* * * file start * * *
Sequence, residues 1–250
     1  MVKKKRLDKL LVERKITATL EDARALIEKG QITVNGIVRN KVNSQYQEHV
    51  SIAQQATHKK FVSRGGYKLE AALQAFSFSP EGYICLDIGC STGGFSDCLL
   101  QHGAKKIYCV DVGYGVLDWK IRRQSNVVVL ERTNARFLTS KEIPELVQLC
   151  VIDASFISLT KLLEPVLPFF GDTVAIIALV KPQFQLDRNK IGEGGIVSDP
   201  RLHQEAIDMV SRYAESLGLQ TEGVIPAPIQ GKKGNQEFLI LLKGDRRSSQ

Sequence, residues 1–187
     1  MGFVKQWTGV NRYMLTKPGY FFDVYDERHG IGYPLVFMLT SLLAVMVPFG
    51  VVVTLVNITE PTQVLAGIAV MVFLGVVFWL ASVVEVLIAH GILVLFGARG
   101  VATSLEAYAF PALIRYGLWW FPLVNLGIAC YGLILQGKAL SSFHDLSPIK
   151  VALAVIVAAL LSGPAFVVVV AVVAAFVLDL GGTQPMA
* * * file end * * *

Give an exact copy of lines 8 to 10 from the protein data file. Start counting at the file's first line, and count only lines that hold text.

     1  MGFVKQWTGV NRYMLTKPGY FFDVYDERHG IGYPLVFMLT SLLAVMVPFG
    51  VVVTLVNITE PTQVLAGIAV MVFLGVVFWL ASVVEVLIAH GILVLFGARG
   101  VATSLEAYAF PALIRYGLWW FPLVNLGIAC YGLILQGKAL SSFHDLSPIK